Liquid saturation plays an important role in the performance of the vessel's copper-coiled pressure-building and gas vapor circuits. As saturation time increases, liquid temperature rises in the bottom of the vessel, and it takes less energy for the copper coils to vaporize the liquid.
After the pressure-building valve is opened, liquid is pulled from the bottom of the vessel, converted to vapor, and dumped into the head space. This, in turn, builds pressure, pushing liquid out of the liquid-use valve into an external vaporizer at twice the rate of the vessel's own gas vapor circuit (gas-use valve). The vessel's economizing circuit is not in use when liquid is withdrawn from the liquid-use valve. This dynamic process becomes more difficult as the head space above the liquid increases. Typically, the pressure-building circuit's vaporization capacity is the limiting factor in determining the vessel's liquid delivery capability.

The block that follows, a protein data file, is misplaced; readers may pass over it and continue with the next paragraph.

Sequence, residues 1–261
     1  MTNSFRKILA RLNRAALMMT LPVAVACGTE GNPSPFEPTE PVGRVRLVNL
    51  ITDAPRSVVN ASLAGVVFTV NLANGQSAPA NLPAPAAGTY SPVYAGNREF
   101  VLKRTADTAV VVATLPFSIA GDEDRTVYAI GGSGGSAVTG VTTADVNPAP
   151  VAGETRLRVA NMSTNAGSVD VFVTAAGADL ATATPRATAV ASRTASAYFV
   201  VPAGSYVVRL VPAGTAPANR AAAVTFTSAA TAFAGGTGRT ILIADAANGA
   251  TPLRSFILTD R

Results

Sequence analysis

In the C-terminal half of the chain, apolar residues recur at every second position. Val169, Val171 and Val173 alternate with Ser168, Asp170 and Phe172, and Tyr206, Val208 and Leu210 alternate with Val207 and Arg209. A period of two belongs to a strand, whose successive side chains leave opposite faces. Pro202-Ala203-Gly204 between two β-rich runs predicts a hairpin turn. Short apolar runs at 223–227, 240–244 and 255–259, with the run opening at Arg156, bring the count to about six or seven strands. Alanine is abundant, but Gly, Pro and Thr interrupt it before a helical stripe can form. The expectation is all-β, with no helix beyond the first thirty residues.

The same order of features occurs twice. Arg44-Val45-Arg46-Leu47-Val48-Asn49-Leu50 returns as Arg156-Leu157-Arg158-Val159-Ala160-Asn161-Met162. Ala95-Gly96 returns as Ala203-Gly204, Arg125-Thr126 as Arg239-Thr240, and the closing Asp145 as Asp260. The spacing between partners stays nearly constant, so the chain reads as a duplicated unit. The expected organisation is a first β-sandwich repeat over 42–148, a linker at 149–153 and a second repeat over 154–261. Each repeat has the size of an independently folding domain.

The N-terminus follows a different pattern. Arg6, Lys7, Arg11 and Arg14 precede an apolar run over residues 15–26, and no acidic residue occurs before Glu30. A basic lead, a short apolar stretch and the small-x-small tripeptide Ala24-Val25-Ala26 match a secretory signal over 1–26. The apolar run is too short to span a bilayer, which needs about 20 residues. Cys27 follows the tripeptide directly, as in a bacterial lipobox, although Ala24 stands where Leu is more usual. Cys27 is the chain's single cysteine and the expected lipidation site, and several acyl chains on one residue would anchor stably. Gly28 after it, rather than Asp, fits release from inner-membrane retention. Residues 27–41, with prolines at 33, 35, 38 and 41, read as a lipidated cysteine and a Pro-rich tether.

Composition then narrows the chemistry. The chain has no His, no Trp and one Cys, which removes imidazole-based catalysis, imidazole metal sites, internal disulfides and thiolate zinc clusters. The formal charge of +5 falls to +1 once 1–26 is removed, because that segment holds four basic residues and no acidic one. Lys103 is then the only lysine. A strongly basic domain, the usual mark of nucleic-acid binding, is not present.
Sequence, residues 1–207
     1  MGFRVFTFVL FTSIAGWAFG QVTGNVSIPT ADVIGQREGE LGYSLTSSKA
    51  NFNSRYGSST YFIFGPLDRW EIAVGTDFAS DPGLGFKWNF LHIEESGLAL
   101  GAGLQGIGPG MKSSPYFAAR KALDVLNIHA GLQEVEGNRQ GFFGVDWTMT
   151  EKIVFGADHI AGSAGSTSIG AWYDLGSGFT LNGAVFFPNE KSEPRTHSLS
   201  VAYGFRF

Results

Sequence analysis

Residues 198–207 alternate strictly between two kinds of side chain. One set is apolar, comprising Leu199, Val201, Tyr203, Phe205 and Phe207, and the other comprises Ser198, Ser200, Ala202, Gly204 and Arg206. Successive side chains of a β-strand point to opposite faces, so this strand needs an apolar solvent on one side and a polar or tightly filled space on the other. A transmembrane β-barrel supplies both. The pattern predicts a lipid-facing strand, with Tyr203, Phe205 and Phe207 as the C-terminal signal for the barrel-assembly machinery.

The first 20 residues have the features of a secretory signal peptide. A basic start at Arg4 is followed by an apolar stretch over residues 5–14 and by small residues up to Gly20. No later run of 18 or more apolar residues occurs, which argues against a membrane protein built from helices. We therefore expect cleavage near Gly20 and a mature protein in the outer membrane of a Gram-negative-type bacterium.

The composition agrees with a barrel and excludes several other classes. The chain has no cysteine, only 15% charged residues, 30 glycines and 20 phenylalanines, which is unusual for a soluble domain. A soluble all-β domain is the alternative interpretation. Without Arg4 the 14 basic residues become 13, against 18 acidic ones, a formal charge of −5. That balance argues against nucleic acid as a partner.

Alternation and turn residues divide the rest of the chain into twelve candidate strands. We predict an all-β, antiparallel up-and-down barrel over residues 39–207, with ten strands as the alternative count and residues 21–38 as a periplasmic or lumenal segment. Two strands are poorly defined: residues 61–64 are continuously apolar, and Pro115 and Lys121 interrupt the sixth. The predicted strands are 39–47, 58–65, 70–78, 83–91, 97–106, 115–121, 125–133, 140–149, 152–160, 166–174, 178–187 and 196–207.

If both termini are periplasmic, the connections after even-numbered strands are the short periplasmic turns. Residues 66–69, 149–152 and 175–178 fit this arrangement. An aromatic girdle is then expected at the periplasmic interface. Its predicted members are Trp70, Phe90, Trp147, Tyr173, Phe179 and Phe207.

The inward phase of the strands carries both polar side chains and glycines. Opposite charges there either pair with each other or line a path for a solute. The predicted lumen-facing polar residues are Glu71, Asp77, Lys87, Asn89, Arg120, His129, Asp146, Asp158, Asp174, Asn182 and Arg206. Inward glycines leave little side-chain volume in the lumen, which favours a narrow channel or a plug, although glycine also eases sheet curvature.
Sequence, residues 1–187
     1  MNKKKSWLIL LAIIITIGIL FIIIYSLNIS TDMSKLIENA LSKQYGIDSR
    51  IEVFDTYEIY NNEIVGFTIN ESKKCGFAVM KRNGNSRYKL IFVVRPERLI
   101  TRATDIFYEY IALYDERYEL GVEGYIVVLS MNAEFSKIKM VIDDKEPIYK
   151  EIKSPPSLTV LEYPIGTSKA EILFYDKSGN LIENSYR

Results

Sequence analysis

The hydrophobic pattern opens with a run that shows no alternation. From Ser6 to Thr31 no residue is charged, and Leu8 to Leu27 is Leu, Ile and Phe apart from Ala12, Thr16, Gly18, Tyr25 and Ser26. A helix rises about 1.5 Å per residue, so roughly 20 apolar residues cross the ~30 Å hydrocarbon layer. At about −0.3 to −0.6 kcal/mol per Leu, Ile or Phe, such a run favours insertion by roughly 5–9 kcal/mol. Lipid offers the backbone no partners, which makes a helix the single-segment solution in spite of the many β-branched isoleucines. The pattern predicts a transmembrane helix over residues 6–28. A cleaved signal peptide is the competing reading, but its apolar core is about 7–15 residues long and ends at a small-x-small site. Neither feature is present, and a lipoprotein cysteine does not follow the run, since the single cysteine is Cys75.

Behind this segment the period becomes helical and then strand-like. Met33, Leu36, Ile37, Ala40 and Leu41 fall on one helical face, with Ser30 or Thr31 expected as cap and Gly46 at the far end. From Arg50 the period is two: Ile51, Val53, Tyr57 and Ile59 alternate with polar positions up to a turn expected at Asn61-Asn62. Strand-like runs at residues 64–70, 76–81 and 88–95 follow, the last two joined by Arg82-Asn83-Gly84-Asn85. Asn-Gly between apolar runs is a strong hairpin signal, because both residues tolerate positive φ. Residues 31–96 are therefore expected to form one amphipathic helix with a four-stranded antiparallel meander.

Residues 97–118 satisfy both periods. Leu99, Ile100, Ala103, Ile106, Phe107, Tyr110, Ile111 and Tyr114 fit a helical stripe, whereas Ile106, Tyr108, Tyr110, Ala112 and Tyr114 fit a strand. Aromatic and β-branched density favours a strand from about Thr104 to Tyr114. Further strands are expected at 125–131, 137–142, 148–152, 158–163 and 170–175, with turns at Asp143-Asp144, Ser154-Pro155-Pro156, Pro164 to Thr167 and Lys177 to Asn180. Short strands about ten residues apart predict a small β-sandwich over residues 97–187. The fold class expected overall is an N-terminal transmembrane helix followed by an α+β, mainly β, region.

Microbulk Cylinder. Functionally, the main difference between a liquid cylinder and a microbulk vessel is storage capacity. Microbulk vessels are filled on-site by delivery trucks with cryogenic pumps capable of pushing liquid into the vessel only when the head pressure is vented (blown down) to less than 200 PSI or achieving a 30- to 50-PSI differential. The vapor loss can be as high as 14 to 22 percent of the remaining contents, depending on the assist gas operating pressure.
In either case, cryogenic cylinder performance can be enhanced by augmenting the pressure-building circuit. Typically, microbulk cylinders holding 1,500 liters or more incorporate an external pressure-building vaporizer at a total cost of $28,000 to $39,000 per vessel. As illustrated in Figure 2, this leads to facility fees in the range of $400 to $650 just to set the vessel on the property.